“I want a dress like Sophie’s,” Izzy complained, while her three-year-old sister licked the mirror. “Hers spins better.”

It was true. The ability of a skirt to fan out, ballroom-gown-style, upon twirling, was one of my preschooler’s prerequisites when selecting a dress. It was, in fact, the only prerequisite. Her closet contained hangers of forlorn corduroy dresses that went unworn due to their subpar performance when spinning.

My eight-year-old wanted a dress like that: a full-skirted number with ribbons and bows, one better suited for Easter Sunday than this discount retailer’s attempt at haute couture. She wanted a dress like I had in the 1980s, one that would have undoubtedly been accompanied by a stiff-brimmed Easter hat with a pale pink ribbon. She wanted a little girl’s dress. And there were none to be found.

Why It’s Important To Talk About Pregnancy Loss, published on Role/Reboot

In addition to my fear and sadness, I felt a sense of embarrassment that I had been kicked out of the “pregnancy club.” I felt as though I were defective. The humiliation I experienced was just as debilitating as the aching void of loss.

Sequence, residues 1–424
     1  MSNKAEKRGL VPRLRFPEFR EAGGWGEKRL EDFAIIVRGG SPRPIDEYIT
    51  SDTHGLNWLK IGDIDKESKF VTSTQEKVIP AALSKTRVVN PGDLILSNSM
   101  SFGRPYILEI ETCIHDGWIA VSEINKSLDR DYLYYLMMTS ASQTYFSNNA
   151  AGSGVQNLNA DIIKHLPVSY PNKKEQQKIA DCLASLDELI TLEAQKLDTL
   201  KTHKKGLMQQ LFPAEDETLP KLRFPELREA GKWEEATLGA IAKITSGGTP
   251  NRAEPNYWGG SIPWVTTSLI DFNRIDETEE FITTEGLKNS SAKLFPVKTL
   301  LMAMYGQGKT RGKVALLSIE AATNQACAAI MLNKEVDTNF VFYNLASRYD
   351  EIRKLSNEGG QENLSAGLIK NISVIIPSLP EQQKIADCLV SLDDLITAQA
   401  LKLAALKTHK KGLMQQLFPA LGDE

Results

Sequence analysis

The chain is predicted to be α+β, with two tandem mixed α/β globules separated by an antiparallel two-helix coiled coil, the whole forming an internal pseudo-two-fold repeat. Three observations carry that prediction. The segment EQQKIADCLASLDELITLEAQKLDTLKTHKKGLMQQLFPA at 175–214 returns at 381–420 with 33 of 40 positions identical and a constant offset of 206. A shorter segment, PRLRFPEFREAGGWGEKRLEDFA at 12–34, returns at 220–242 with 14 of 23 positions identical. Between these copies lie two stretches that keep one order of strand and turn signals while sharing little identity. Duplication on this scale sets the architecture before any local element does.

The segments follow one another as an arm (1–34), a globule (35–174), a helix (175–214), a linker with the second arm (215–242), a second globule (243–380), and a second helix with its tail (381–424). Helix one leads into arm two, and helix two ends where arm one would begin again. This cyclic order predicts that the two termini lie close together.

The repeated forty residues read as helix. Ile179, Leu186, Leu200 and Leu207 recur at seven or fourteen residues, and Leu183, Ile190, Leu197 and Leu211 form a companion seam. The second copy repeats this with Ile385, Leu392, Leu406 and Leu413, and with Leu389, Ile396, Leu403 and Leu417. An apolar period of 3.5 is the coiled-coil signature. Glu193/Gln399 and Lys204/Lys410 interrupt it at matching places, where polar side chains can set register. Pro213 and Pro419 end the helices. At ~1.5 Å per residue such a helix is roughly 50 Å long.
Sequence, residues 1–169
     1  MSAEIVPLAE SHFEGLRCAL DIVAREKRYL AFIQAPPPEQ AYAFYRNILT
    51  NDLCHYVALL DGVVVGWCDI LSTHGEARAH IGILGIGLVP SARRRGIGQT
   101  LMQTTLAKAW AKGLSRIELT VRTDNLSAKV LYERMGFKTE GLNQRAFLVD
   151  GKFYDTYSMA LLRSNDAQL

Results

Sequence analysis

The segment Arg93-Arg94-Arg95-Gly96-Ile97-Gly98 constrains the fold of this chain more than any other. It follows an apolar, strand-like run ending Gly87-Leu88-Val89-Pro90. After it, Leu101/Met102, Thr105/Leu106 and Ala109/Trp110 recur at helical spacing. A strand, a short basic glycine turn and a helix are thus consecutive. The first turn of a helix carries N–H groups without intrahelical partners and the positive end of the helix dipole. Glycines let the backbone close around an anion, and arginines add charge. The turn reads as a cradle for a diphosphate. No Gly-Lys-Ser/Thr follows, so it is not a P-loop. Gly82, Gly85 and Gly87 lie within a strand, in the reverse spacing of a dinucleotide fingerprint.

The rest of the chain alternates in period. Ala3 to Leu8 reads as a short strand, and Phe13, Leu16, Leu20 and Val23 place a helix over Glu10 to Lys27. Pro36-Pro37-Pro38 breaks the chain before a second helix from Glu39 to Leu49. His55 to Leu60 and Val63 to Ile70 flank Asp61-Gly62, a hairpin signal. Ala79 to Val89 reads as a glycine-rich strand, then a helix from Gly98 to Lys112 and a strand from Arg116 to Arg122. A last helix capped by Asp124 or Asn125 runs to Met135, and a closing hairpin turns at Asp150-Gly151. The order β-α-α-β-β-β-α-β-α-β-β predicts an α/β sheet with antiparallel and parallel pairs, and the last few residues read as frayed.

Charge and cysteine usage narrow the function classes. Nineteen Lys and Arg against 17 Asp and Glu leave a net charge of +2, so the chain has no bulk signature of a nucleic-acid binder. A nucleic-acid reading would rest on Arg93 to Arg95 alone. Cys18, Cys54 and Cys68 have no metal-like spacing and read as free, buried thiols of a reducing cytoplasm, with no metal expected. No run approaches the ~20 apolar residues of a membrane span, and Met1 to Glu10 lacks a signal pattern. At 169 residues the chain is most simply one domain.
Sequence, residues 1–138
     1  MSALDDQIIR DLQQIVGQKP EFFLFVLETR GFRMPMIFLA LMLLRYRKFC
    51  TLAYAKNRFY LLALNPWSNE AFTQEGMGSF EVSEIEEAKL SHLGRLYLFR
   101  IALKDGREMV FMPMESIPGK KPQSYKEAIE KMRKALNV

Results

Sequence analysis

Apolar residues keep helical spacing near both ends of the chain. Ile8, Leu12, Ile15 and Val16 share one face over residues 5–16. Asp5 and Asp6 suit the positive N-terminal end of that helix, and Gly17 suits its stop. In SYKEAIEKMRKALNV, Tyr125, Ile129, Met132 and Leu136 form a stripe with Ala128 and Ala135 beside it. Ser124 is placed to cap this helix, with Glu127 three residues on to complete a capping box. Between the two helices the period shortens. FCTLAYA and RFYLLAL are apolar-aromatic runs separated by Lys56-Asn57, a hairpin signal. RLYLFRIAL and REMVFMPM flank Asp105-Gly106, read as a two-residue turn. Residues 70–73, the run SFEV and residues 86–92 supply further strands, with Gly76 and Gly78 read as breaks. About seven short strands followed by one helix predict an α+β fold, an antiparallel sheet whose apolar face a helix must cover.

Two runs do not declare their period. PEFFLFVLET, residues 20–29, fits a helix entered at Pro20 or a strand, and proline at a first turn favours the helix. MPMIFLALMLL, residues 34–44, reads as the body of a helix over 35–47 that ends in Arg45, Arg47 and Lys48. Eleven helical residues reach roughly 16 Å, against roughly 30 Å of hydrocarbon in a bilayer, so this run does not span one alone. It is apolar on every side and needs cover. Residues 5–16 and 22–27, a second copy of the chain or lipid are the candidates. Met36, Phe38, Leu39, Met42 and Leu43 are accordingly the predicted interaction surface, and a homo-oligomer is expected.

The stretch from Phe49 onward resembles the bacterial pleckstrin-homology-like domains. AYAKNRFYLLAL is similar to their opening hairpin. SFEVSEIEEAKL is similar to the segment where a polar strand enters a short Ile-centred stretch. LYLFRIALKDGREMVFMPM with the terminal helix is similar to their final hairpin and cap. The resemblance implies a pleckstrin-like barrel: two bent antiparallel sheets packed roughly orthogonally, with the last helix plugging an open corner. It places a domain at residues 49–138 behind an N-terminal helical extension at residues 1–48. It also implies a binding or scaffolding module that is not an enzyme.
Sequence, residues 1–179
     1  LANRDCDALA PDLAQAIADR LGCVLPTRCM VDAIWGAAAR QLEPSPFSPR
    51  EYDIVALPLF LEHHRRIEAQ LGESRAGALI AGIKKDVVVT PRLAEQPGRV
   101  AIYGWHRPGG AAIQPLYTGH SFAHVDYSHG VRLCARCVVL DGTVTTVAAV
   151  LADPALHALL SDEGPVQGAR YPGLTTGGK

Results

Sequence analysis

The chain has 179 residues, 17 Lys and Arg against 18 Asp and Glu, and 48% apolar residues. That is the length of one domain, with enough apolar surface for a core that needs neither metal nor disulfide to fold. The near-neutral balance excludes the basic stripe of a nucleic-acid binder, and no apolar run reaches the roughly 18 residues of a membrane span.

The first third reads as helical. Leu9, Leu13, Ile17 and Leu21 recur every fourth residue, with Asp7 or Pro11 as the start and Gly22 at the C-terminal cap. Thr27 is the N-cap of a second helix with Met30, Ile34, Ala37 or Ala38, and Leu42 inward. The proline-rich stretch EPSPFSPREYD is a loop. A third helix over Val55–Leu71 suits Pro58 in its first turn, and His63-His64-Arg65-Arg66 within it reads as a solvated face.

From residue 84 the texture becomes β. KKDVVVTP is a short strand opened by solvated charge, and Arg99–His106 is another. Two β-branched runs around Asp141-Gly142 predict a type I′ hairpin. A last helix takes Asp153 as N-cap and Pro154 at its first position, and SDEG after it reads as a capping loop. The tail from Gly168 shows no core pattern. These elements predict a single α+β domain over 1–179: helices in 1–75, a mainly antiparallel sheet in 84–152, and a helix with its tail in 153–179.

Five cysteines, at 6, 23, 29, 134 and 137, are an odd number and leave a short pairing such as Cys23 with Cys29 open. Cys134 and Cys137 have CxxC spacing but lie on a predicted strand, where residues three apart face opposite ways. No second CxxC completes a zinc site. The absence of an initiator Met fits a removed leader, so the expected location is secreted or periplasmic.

Humor pieces:
She’s Not an Asshole; She’s Just a Three-Year-Old published on Scary Mommy

When in my threenager’s company, I rarely go more than several minutes without encountering her dark side. She is constantly sobbing over some injustice, be it my refusal to allow her to ingest the entire Costco box of Annie’s Organic Fruit Snacks or the fact that her Dora nightlight isn’t properly aligned with her bed railing. It’s as though she lives in a constant state of PMS and has just found out that chocolate is now illegal and her favorite soap opera has been canceled. I contemplate crushing up some mood stabilizers and sneaking it into her yogurt tube.

But then I remember: she’s not chemically unbalanced. She’s just a 3-year-old.

Come to think of it, she is kind of an asshole. But she won’t be forever.

Marijuana Is the New Red Wine published on In the Powder Room